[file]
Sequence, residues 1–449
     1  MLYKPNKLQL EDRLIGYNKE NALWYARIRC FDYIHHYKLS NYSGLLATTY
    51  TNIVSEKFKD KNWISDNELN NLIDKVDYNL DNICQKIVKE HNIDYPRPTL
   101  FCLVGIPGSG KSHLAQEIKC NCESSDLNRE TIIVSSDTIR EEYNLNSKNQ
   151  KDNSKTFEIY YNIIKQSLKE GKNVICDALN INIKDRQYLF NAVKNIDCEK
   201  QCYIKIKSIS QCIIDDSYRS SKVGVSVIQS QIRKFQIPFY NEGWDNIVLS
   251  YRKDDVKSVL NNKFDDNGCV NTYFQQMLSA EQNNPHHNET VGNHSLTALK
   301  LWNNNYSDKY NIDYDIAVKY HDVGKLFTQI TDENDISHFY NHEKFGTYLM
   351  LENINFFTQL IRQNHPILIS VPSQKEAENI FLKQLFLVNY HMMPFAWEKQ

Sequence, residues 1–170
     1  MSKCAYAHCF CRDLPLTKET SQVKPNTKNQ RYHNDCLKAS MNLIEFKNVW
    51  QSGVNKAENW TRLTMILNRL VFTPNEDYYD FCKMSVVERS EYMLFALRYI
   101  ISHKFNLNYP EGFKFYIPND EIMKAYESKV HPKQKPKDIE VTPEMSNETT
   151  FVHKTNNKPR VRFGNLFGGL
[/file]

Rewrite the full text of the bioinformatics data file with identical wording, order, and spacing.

Sequence, residues 1–449
     1  MLYKPNKLQL EDRLIGYNKE NALWYARIRC FDYIHHYKLS NYSGLLATTY
    51  TNIVSEKFKD KNWISDNELN NLIDKVDYNL DNICQKIVKE HNIDYPRPTL
   101  FCLVGIPGSG KSHLAQEIKC NCESSDLNRE TIIVSSDTIR EEYNLNSKNQ
   151  KDNSKTFEIY YNIIKQSLKE GKNVICDALN INIKDRQYLF NAVKNIDCEK
   201  QCYIKIKSIS QCIIDDSYRS SKVGVSVIQS QIRKFQIPFY NEGWDNIVLS
   251  YRKDDVKSVL NNKFDDNGCV NTYFQQMLSA EQNNPHHNET VGNHSLTALK
   301  LWNNNYSDKY NIDYDIAVKY HDVGKLFTQI TDENDISHFY NHEKFGTYLM
   351  LENINFFTQL IRQNHPILIS VPSQKEAENI FLKQLFLVNY HMMPFAWEKQ

Sequence, residues 1–170
     1  MSKCAYAHCF CRDLPLTKET SQVKPNTKNQ RYHNDCLKAS MNLIEFKNVW
    51  QSGVNKAENW TRLTMILNRL VFTPNEDYYD FCKMSVVERS EYMLFALRYI
   101  ISHKFNLNYP EGFKFYIPND EIMKAYESKV HPKQKPKDIE VTPEMSNETT
   151  FVHKTNNKPR VRFGNLFGGL